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Q: What do you see when you look back at your early efforts?

"Myth Meets Dream," soft pastel on sandpaper, 47" x 38,” 1993

“Myth Meets Dream,” soft pastel on sandpaper, 47″ x 38,” 1993

A:  I see continuity in subject matter and in medium, surely.  For thirty-three years I have been inspired by foreign travel and research.  In addition, I remain devoted to pushing the limits of what soft pastel can do and to promoting its merits as a fine art medium.

Here and there I see details I would render differently now; not exactly mistakes, but things that maybe could be done better.  Fortunately, I think, all of my work is framed behind glass or plexiglas, making it extremely difficult to attempt revisions.  

Perhaps most important of all, I see the long personal road that has advanced my work to its present state.  Each gain has been hard-fought.  

Comments are welcome!

Q: Do you have a mentor?

"Alone Together," soft pastel on sandpaper, 20" x 26"

“Alone Together,” soft pastel on sandpaper, 20″ x 26″

A:  No, but I often wish I did.  How wonderful it would be to consult someone who’s been there, a productive and successful artist who could provide advice on all the concerns, especially the problems and dangers, inherent in a professional artist’s life. 

But I have been at this for thirty years and found no such person!  I think it’s because each artist’s career is highly unique as we chart are own individual paths.  Unlike most professions, there are no firm rules or straight forward career milestones for making your way as an artist.

Besides the countless hours spent in the studio, I have always worked diligently to understand the art business.  Certainly getting work seen, exhibited, reviewed, sold, etc. is as important as making it in the first place.  It’s all part of being a professional artist.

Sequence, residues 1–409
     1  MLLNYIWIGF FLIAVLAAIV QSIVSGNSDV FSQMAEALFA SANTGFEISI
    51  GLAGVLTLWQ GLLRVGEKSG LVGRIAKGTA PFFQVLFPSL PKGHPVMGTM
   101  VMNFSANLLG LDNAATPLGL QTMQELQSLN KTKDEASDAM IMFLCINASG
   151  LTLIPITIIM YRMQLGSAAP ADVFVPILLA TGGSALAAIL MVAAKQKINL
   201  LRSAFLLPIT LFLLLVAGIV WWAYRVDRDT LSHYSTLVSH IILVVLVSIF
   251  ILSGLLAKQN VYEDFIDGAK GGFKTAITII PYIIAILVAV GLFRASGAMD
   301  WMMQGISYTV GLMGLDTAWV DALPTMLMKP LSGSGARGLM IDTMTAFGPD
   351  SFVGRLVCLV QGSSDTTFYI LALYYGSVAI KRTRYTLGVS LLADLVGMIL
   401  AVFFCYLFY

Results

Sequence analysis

Early on I developed the habit of relying on my own best judgment, both in creating the work and in getting it seen and collected.  Certainly I have made plenty of mistakes.  As a result though, I know a tremendous amount about the art business.  And I enjoy sharing what I know in the hopes of steering other artists away from making similar missteps.

Comments are welcome!    

Pearls from artists* # 122

Sanur, Bali

Sanur, Bali

* an ongoing series of quotations – mostly from artists, to artists – that offers wisdom, inspiration, and advice for the sometimes lonely road we are on.

Most significant growth in my life has been the direct result of errors, mistakes, accidents, faulty assumptions and wrong moves.  I have generally learned more from my mistakes and my so-called failures than any successes or instances of “being right.”  I would venture to propose that this equation is also true in the world at large.  Error is a powerful animating ingredient in political, scientific and historical evolution as well as in art and mythology.  Error is a necessity.  The question I had to ask myself was:  how can I cultivate a tolerance and an appetite for being wrong, for error?

In the face of an exceedingly complicated world, there are too many people who are invested in “being right.”  These people are dangerous.  Their authority is based on their sense of certainty.  But innovation and invention do not only happen with smart people who have all of the answers.  Innovation results from trial and error.  The task is to make good mistakes, good errors, in the right direction.